HC Deb 20 July 2000 vol 354 cc303-4W
Mr. Cox

To ask the Secretary of State for Education and Employment what recent discussions he has had with London education departments on truancy of school children within their boroughs. [131470]

Jacqui Smith

We are in regular contact with many local education authorities in London about truancy, and the disruption it has on continuity of learning and the wider social and community costs.

We have in place a range of measures to tackle truancy and improve attendance in our schools. Our Social Inclusion: Pupil Support Grant—worth over £500 million in three years—is providing practical support to local education authorities and schools. For 2000–01, London local education authorities will receive just over £26.5 million out of the grant to support local projects. Projects include electronic equipment to monitor attendance, additional staff to chase-up truants and reward schemes for acknowledging regular attendance.

£ million
Provisional expenditure1
Programme 1999–2000 allocation Amount Percentage Carry forward
New Deal for young people 775 287 37 488
New Deal for long-term unemployed 222 80 36 142
New Deal for lone parents2 51 34 67 17
New Deal for disabled2 12 9 75 3
Total 1,060 410 38 3650
1 Expenditure figures, while unlikely to change significantly, remain provisional until end year accounts are finalised and exclude a total of £86 million spent out of existing departmental provision
2 New Deals for lone parents and the disabled are programmes operating jointly between the DfEE and DSS and figures given are those for DfEE only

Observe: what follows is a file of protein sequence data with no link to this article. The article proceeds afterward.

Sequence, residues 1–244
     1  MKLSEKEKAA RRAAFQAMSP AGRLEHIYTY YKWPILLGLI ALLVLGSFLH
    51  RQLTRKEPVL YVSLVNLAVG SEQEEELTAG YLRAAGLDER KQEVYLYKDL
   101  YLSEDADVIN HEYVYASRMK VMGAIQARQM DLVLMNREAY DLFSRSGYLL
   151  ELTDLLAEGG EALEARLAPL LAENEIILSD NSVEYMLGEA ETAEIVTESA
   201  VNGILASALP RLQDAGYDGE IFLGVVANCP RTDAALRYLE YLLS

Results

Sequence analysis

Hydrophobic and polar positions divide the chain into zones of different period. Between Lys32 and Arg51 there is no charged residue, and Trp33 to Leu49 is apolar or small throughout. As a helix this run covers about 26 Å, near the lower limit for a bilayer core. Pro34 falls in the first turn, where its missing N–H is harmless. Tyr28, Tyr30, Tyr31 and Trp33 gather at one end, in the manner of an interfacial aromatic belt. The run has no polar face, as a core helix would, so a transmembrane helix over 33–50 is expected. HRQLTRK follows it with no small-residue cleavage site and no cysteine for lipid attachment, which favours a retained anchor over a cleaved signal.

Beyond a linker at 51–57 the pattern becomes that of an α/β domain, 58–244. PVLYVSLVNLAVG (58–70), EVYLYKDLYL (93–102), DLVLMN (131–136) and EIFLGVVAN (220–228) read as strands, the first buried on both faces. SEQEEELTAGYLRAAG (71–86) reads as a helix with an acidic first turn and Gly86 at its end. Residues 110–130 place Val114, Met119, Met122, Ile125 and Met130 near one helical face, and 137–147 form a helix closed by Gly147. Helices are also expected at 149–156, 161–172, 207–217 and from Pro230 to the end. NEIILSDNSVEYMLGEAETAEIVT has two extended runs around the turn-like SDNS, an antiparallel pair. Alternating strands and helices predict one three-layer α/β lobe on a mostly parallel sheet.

3 Underspends are either carried forward to cover anticipated expenditure for respective New Deals into future years or made available to support the Welfare to Work programme

The numbers of people entering New Deal programmes were lower than had earlier been projected on the basis of the Government's unemployment assumption at the time. That is one major reason why expenditure in 1999–2000 was considerably below the level of the original allocation. A second reason is the success of the New Deal for young people itself which also contributed to the level of expenditure being much lower than the original allocations.

The programme aims to help as many people as possible to leave its Gateway for jobs. The original planning assumption was that 60 per cent. would need to

We are also encouraging local education authorities to undertake regular "Truancy Sweeps" in conjunction with the police. During these sweeps, truants are picked up from the streets during school hours and are taken back either to their schools or a designated place. Several effective sweeps have been undertaken in London with our support.

In addition, I recently announced the pilot areas to test the devolvement of Education Welfare Services to secondary schools. The aim is to see whether attendance officers employed directly by schools would make it easier to deal with truancy quickly. Of the 15 local education authorities selected, five are from London—Barnet, Camden, Haringey, Havering and Westminster. I am pleased that the pilot will be fully tested in London, in a variety of boroughs. We will be in regular contact with these authorities as the pilot progresses.